In 1960, Robert Mugabe returned to his hometown on leave, planning to introduce his fiancée to his mother. Unexpectedly, upon his arrival, Mugabe encountered a drastically changed Southern Rhodesia. Tens of thousands of black families had been displaced by the new colonial government, and the white population had exploded. The government denied black majority rule, resulting in violent protests. Mugabe too was outraged by this denial of blacks' rights. In July 1960, he agreed to address the crowd at the protest March of 7,000, staged at Salisbury's Harare Town Hall. The purpose of the gathering was for members of the opposition movement to protest the recent arrest of their leaders. Steeling himself in the face of police threats, Mugabe told the protestors about how Ghana had successfully achieved independence through Marxism.
Just weeks later, Mugabe was elected public secretary of the National Democratic Party. In accordance with Ghanaian models, Mugabe quickly assembled a militant youth league to spread the word about achieving black independence in Rhodesia. The government banned the party at the end of 1961, but the remaining supporters came together to form a movement that was the first of its kind in Rhodesia. The Zimbabwe African People's Union (ZAPU) soon grew to a staggering 450,000 members.
The union's leader, Joshua Nkomo, was invited to meet with the United Nations, who demanded that Britain suspend their constitution and readdress the topic of majority rule. But, as time passed and nothing had changed, Mugabe and others were frustrated that Nkomo didn't insist on a definite date for changes to the constitution. So great was his frustration, that by April of 1961, Mugabe publicly discussed starting a guerilla war — even going so far as to declare defiantly to a policeman, "We are taking over this country and we will not put up with this nonsense."
Robert Mugabe talks with his team during the second day of the FAO Summit in Rome, Italy, on November 17, 2009.
Photo: Thierry Tronnel/Corbis via Getty Images
In 1963, Mugabe and other former supporters of Nkomo founded their own resistance movement, called the Zimbabwe African National Union (ZANU), in Tanzania. Back in Southern Rhodesia later that year, the police arrested Mugabe and sent him to Hwahwa Prison. Mugabe would remain in jail for over a decade, being moved from Hwahwa Prison to Sikombela Detention Centre and later to Salisbury Prison. In 1964, while in prison, Mugabe relied on secret communications to launch guerrilla operations toward freeing Southern Rhodesia from British rule.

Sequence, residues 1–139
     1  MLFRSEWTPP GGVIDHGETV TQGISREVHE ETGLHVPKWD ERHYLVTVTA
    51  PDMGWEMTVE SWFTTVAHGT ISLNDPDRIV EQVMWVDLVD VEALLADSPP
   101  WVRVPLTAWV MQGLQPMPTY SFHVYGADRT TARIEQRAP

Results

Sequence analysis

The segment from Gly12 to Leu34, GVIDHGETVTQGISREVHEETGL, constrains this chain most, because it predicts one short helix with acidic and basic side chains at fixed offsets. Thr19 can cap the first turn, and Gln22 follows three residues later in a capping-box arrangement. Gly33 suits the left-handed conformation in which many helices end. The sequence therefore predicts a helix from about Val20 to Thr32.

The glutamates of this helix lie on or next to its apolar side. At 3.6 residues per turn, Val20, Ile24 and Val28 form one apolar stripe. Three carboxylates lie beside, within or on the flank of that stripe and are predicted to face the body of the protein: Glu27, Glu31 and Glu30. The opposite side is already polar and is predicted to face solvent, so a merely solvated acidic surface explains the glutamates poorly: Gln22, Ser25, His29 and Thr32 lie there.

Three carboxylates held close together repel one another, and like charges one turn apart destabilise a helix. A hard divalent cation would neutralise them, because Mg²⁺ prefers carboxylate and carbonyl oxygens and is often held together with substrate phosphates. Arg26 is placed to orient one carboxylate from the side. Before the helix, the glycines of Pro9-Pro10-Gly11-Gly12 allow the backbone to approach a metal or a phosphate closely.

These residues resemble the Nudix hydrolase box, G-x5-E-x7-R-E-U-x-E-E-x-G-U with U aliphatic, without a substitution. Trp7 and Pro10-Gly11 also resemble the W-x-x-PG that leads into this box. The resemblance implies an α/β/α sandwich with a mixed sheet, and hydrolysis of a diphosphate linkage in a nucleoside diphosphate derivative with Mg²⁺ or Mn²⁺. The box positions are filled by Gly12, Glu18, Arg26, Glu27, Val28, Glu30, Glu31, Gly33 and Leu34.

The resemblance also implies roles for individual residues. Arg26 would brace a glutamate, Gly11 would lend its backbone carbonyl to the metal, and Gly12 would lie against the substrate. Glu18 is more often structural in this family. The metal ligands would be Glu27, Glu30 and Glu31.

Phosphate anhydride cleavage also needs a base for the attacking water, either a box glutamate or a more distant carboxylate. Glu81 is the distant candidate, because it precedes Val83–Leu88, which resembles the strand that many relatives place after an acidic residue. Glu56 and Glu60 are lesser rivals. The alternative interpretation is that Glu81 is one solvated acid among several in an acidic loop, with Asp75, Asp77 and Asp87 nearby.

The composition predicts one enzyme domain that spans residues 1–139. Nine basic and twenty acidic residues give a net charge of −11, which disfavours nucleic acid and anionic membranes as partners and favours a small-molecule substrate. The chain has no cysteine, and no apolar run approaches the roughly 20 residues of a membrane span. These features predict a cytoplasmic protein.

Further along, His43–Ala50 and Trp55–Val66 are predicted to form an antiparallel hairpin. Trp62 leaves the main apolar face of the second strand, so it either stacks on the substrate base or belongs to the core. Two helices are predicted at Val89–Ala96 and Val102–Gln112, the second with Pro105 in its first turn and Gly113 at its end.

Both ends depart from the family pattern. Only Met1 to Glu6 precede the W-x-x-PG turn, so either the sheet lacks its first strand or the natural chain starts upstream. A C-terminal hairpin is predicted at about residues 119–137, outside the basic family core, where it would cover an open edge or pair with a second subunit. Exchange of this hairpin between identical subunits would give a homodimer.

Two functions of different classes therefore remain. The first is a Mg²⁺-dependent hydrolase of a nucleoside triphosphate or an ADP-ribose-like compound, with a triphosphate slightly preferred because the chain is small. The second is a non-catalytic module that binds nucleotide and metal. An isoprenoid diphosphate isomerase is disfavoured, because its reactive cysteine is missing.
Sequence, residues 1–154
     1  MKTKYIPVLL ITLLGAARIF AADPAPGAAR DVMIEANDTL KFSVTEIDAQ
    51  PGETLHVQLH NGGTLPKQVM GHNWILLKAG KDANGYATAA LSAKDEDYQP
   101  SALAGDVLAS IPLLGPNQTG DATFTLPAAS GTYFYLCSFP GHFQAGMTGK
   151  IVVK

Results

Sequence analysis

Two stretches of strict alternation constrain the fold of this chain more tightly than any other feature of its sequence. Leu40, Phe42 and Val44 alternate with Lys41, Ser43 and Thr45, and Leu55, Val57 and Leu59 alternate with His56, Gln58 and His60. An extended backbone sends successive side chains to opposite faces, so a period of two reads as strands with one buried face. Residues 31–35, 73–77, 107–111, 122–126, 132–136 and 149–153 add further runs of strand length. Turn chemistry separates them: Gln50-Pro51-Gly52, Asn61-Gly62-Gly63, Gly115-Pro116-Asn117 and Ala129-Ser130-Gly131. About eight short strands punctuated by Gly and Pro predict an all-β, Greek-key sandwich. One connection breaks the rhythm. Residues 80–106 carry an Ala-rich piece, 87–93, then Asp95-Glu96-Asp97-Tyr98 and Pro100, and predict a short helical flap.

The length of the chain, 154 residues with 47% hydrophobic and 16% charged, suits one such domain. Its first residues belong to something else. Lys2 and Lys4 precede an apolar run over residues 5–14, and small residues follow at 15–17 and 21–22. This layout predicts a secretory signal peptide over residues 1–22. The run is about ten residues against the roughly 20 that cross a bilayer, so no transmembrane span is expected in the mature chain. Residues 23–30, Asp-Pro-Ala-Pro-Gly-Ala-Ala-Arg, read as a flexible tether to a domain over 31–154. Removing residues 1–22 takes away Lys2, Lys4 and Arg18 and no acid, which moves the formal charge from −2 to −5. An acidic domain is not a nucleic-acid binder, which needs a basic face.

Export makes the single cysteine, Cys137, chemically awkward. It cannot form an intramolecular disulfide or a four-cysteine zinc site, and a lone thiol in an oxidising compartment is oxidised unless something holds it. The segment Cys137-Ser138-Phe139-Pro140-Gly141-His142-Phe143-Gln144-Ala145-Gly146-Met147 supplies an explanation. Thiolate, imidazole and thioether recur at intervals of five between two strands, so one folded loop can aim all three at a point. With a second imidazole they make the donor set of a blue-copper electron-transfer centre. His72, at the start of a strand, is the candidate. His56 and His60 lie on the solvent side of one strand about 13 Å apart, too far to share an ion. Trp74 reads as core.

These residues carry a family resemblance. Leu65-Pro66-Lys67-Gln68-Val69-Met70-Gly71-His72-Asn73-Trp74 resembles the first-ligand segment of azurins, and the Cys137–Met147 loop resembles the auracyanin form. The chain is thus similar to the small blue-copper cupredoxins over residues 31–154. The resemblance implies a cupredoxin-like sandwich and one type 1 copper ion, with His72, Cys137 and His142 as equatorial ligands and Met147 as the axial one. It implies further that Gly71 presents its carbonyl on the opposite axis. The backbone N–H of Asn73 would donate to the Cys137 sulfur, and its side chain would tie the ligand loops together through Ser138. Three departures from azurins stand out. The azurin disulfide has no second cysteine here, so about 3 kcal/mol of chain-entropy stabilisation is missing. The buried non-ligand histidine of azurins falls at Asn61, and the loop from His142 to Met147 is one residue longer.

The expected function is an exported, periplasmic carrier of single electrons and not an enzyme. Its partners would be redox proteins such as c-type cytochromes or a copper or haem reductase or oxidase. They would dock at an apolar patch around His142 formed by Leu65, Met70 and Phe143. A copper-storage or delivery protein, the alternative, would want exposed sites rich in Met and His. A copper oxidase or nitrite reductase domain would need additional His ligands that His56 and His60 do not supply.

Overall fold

In 1974, Prime Minister Ian Smith, who claimed he would achieve true majority rule but still declared his allegiance to the British colonial government, allowed Mugabe to leave prison and go to a conference in Lusaka, Zambia (formerly Northern Rhodesia). Mugabe instead escaped back across the border to Southern Rhodesia, assembling a troop of Rhodesian guerrilla trainees along the way. The battles raged on throughout the 1970s. By the end of that decade, Zimbabwe's economy was in worse shape than ever. In 1979, after Smith had tried in vain to reach an agreement with Mugabe, the British agreed to monitor the changeover to black majority rule and the UN lifted sanctions.
By 1980, Southern Rhodesia was liberated from British rule and became the independent Republic of Zimbabwe. Running under the ZANU party banner, Mugabe was elected prime minister of the new republic, after running against Nkomo. In 1981, a battle broke out between ZANU and ZAPU due to their differing agendas. In 1985, Mugabe was re-elected as the fighting continued. In 1987, when a group of missionaries were tragically murdered by Mugabe supporters, Mugabe and Nkomo at last agreed to merge their unions into the ZANU-Patriotic Front (ZANU-PF) and focus on the nation's economic recovery.
Mugabe’s ascendance to Presidency